Our bill reforms and streamlines the federal juvenile code. It sets a uniform age of 14 for charging juveniles as adults]; lets prosecutors decide whether to charge a juvenile offender as an adult; and permits juveniles charged as adults to petition the court to be returned to juvenile status.

When prosecuted as adults, juveniles in Federal criminal cases will be subject to the same procedures and penalties as adults, except for the application of mandatory minimums and disallowing the death penalty.

Source: senate.gov/~hatch/ “Juvenile Offender Act” , May 11, 1999

Prosecute drugs & gun crimes; protect victims’ rights

[My proposed 21st Century Justice Act] will expand current successful law enforcement practices. It is based on what we know reduces crime.
    Our plan contains four central elements:
  1. More Federal assistance to State and local law enforcement
  2. Reinvigorate the war on drugs
  3. Vigorously prosecute gun crimes
  4. Protections for the rights of crime victims.
The first obligation of government is to protect its citizens from crime. We have a long way to go.
Source: senate.gov/~hatch “Statements” , Apr 28, 1999

Restore & expand block grants to local law enforcement

Clinton’s budget eliminates block grants that have proven so successful in helping state and local authorities reduce crime. [Our proposed] bill extends the block grant authorization. This program has provided more than $2 billion in funding for equipment and technology, such as radios and scanners, directly to state and local law enforcement. The authorization for this program will be between $600-700 million per year.
Source: senate.gov/~hatch “Statements” , Apr 28, 1999

Fund truth-in-sentencing & longer sentences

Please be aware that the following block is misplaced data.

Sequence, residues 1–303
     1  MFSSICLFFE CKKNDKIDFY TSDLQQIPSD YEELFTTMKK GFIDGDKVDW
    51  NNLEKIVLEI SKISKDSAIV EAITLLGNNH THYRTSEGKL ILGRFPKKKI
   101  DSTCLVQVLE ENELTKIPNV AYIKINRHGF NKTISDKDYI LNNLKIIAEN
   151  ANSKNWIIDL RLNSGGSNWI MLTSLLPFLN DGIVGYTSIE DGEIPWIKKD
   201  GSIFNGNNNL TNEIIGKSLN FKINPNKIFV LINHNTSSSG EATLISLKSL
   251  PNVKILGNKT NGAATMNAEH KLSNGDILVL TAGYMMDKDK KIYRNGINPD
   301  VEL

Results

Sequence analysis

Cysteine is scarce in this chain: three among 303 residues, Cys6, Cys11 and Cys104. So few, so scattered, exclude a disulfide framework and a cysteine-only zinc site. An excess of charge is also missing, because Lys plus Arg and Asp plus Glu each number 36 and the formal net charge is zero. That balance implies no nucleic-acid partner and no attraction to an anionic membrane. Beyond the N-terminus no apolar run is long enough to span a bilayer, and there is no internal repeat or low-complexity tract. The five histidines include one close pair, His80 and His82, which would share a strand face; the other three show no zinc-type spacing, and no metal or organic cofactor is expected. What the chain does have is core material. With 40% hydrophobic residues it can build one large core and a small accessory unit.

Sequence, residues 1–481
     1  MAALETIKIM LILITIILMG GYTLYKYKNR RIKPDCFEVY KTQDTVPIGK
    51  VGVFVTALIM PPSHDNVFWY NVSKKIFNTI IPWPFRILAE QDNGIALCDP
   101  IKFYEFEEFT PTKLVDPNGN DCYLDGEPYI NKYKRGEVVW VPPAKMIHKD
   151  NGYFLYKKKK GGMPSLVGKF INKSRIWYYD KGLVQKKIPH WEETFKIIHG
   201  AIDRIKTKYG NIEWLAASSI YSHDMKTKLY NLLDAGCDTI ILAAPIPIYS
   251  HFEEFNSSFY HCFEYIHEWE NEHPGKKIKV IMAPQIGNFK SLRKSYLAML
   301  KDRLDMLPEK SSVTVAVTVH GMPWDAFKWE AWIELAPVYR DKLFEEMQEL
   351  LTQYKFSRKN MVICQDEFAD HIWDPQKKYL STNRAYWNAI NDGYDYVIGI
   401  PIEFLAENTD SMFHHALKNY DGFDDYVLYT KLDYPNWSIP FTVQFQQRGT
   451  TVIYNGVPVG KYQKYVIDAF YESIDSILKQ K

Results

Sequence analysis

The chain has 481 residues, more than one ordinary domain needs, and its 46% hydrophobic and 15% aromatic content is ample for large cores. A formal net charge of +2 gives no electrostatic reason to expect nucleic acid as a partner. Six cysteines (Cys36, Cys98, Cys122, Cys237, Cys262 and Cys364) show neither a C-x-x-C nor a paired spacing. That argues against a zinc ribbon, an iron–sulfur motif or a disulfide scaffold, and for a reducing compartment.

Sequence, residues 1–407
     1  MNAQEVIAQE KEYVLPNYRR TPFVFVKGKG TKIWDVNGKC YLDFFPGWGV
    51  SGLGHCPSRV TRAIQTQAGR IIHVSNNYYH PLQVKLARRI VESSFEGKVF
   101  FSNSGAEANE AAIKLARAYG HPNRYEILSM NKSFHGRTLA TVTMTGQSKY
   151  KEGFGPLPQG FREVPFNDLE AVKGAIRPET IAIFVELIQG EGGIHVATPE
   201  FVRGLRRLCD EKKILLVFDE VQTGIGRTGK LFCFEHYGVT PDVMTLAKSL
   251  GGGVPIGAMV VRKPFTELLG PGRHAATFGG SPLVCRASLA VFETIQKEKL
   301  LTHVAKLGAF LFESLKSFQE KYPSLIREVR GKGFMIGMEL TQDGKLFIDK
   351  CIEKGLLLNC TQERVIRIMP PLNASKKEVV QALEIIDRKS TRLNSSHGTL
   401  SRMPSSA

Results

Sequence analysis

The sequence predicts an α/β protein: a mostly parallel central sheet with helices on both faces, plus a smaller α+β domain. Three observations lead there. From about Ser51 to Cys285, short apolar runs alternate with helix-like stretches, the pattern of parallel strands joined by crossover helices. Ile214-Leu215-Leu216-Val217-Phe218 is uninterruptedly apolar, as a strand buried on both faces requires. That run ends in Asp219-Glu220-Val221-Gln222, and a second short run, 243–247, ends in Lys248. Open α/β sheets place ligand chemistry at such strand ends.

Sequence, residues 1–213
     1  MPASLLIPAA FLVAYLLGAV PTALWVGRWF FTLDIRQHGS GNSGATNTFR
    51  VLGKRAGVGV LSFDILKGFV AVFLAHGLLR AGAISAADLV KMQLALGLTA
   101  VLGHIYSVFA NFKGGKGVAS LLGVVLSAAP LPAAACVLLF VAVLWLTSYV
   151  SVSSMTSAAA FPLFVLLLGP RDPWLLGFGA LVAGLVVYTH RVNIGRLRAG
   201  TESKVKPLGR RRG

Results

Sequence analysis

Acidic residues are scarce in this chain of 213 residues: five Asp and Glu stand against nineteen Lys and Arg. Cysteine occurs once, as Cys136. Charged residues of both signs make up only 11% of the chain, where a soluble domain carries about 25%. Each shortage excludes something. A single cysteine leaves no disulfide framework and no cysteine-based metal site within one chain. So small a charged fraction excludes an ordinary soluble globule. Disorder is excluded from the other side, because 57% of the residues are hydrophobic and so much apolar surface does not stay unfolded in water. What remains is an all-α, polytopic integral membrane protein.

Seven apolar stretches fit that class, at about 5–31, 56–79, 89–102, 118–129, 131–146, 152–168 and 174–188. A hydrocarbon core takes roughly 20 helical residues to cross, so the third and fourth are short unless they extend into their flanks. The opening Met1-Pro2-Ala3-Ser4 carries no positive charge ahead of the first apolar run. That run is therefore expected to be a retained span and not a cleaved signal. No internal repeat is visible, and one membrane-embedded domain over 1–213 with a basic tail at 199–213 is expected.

Our bill reauthorizes truth-in-sentencing prison grants at approximately $700 million per year. These grants provide funds to States to build prisons, which lower crime by encouraging States to incarcerate violent and repeat offenders for at least 85% of their sentence. The average time served by violent criminals nationally has increased 12% since 1993. Simply put, violent criminals cannot commit crimes against innocent victims while in prison.
Source: senate.gov/~hatch “Statements” , Apr 28, 1999

Victims’ Rights: hearings & notification

How can there be justice if crime victims feel victimized by the criminal justice system? [Our proposed crime bill] ensures that victims are given respect in the criminal system, ensuring their right to attend trials in federal court, to be heard at critical stages such as detention hearings, and to be notified when the defendant is released or escapes. Our bill also calls for ratification of a crime victim’s rights constitutional amendment to ensure that these rights are recognized everywhere.
Source: senate.gov/~hatch “Statements” , Apr 28, 1999

Supports community-oriented policing

Sen. Orrin Hatch announced today that over $1.3 million will be shared by three Utah communities to help hire additional law enforcement officers. The Office of Community Oriented Policing Services (COPS) administers these federal grants which help pay for the salary and benefits of each officer over three years. Hatch said, “These funds will put more crime-fighting resources on the front lines, which is good news for Utah communities.”
Source: senate.gov/~hatch “Press Release” , Mar 30, 1999

Proper federal role is seed money, not running programs

We are providing seed money for the construction of [Boys and Girls Clubs]. This is bricks and mortar money to open clubs; they will operate without any significant federal funds. In my view, this is a model for the proper role of the federal government in crime prevention. We cannot afford vast never-ending federally run programs. [We spent] $4 billion in 1995 on 131 programs serving at-risk youth, yet we have not made significant progress in keeping our young people away from crime and drugs.